For most gamers, any discussion about Call of Duty starts and ends with multiplayer, but Call of Duty: Black Ops features a surprisingly competent single-player campaign that features the most cohesive CoD narrative yet.
Call of Duty: Black Ops' core plot isn't nearly as original or as inventive as it could have been, relying as it does on several well-worn twists 'borrowed' from various movies, and it suffers from a few issues. Certain plot points are clumsily handled; there are still moments where you have to brute-force your way to a checkpoint to trigger the next area; and they beat you over the head with the final reveal, as if they didn't trust the average gamer to understand what was going on.
Still, Call of Duty: Black Ops is a solid effort overall whose tone and spirit adequately captures the culture of paranoia that resulted from the tense 60s era cold war between the United States and Russia, the Cuban missile crisis, and the Vietnam War. The superior voice acting and motion capture work make it easy to enjoy the seven to eight hour story as it unfolds. It's especially worth playing because it unlocks a neat little surprise that's a nice bit of fan service.
Call of Duty: Black Ops multiplayer options
The term 'fan service' is also a good way to describe the approach Treyarch took with Call of Duty: Black Ops' multiplayer modes: it's obvious that the developers set out to make this installment the definitive online Call of Duty experience, and it helps that such a solid framework had been laid by the previous titles. All the expected mutliplayer modes are here - Team Deathmatch, Domination, Search and Destroy, Headquarters and so on - and for the most part, they play exactly as you'd expect, with the new map layouts, weapons, and perks having a strong effect on strategy and game flow.
The new Nova 6 grenade is a useful piece of equipment in any online mode with set capture points like Sabotage (Xbox 360 version)
For instance, the new Nova 6 grenade saturates an area with a nerve gas that disorients players and slowly saps health, rendering it a useful item to have in modes involving set capture points. Perks have also been reordered - Marathon, for example, is now tiered with Ninja, meaning you have to pick one or the other, putting an end to one of my favourite, albeit abused, perk combinations. Treyarch also brings back is popular Zombie mode, which will no doubt please gamers who enjoyed it in World at War. I was dismayed, however, that they chose to remove the highly underrated Spec-Ops mode from Call of Duty: Black Ops, and I sincerely hope it's offered down the line as a DLC add-on.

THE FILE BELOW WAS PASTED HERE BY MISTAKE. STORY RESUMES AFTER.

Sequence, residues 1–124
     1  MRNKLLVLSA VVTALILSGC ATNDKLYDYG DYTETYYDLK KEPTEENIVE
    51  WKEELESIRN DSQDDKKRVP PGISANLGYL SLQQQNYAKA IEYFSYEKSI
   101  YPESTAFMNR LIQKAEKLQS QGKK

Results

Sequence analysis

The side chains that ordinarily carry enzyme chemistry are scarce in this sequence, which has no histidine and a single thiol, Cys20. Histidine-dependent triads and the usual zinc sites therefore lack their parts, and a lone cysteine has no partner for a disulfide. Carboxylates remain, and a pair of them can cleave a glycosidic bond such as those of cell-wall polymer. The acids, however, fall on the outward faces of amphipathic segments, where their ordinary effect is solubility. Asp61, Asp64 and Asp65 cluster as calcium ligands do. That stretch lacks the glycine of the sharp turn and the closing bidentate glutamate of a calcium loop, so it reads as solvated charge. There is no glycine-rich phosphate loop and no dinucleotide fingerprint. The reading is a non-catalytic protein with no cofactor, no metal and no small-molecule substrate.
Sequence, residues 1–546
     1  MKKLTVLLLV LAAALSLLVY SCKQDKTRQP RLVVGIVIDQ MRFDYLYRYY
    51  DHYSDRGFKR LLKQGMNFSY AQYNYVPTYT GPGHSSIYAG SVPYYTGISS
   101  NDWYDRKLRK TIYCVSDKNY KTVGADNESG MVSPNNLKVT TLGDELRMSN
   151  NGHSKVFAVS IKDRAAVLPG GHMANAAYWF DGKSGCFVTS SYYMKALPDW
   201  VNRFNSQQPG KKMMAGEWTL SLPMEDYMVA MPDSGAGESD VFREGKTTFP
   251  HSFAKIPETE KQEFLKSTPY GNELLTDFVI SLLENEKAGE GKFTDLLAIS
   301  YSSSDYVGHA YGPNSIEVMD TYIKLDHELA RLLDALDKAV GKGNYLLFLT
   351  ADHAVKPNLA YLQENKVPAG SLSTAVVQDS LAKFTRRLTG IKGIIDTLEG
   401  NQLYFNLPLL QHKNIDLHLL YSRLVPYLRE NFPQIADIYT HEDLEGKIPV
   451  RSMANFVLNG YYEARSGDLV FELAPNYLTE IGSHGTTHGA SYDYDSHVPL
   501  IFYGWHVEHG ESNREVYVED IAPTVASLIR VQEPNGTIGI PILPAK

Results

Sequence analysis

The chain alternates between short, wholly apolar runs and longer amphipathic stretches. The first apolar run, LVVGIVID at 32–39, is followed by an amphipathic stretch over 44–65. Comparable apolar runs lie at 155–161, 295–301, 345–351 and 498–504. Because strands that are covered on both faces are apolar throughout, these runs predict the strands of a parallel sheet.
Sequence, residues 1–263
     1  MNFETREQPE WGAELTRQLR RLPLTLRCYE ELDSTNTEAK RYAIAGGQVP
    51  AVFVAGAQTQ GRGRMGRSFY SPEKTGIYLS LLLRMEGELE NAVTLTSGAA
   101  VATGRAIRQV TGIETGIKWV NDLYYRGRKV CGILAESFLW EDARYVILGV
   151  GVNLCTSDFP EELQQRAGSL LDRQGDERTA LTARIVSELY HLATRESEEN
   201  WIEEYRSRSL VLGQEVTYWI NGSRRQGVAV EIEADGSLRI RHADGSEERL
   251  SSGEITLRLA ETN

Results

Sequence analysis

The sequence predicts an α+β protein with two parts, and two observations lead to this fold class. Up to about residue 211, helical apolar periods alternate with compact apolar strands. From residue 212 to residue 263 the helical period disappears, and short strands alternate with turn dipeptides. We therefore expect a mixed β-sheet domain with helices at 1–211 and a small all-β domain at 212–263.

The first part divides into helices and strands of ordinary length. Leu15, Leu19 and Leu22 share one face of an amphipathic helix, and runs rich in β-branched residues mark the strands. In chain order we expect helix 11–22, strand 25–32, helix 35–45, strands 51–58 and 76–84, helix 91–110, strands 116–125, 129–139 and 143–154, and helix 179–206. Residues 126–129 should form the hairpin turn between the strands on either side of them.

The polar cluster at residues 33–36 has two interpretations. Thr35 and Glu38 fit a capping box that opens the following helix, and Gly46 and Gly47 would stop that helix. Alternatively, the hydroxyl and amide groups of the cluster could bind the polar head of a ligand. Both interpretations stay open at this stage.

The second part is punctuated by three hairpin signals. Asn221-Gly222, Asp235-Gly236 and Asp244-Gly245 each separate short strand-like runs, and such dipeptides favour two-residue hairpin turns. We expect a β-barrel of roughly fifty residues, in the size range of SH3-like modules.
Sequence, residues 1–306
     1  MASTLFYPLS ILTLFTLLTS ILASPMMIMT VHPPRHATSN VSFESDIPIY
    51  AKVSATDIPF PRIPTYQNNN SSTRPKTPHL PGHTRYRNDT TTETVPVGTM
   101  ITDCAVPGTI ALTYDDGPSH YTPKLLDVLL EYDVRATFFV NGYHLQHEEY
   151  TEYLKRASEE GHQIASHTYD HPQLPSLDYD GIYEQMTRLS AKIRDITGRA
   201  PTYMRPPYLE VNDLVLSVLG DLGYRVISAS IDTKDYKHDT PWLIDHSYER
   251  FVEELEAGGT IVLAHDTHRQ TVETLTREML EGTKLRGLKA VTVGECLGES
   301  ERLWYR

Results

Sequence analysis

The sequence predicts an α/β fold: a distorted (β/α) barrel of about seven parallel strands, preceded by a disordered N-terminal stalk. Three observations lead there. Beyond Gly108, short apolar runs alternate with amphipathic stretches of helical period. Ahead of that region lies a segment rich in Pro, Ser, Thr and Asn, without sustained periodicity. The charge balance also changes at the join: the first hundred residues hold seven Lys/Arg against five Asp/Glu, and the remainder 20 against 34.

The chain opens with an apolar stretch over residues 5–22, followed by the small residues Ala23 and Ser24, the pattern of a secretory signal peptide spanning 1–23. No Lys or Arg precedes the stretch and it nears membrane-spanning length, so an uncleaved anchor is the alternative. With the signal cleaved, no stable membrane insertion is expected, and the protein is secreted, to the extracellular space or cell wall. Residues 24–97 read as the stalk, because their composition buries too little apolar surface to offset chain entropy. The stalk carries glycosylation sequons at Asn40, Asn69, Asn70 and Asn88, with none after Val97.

But the biggest tweak to the multiplayer is, of course, the currency system, which replaces XP in terms of unlocking weapons and attachments. Everything in the game, from perks to equipment, has to be purchased, and while the periodic feeling of hitting a jackpot found in previous CoD games is gone - DING DING DING, here's another trinket! - the currency system makes it easier for established fans to customise their gear to their liking.
You still have to achieve leveling milestones to unlock specific items in Call of Duty: Black Ops, but you don't have to grind levels just to get a silencer or a scope - you just dip into your bank account and purchase it outright. It's a sensible evolution because most gamers have logged enough online hours to know what their preferences are, so empowering them to customise their loadout makes a lot of sense.
The new Wager Matches are an interesting twist as well, letting you bet credits against your own performance; rank in the top three and you earn credits, rank anywhere else and you lose credits. These matches will no doubt be dominated by high level players the way poker games are usually dominated by card sharks, but even amateur gamblers can have fun thanks to the three tiers of betting. The lowest tier, Ante Up, only requires a 10 credit buy in, which is a modest enough entry fee to entice anyone to give it a try; the modes themselves are fun, with One in the Chamber and Gun Game topping my own personal list, and even though I never felt particularly thrilled by the gambling aspect, ending a round 'in the money' does lend a nice element of accomplishment to the experience.
Call of Duty: Black Ops extras
Treyarch also included a lot of extras that round out the overall experience and helps bring CoD up to date with contemporary franchises such as Halo. Theater mode, for example, isn't anything new, but it is smartly implemented, with each kill and death mapped as bookmarks on the timeline, letting you easily warp to a moment of triumph or defeat. Combat Training is also a worthwhile addition, especially for anyone who's been afraid to jump into the snarky, chaotic online environment; it's a closed environment where you can set up matches with your friends and bots to familiarise yourself with competitive play.
I was disappointed to find that Team Deathmatch and Free-for-All were the only modes available, but the bots do a decent job of replicating some of the behaviour you often see online - sniper camping, for instance. I also have to mention the character customisation features like emblems and clan tags as well as the ability to set up private matches with custom settings that the hardcore online community will no doubt appreciate.
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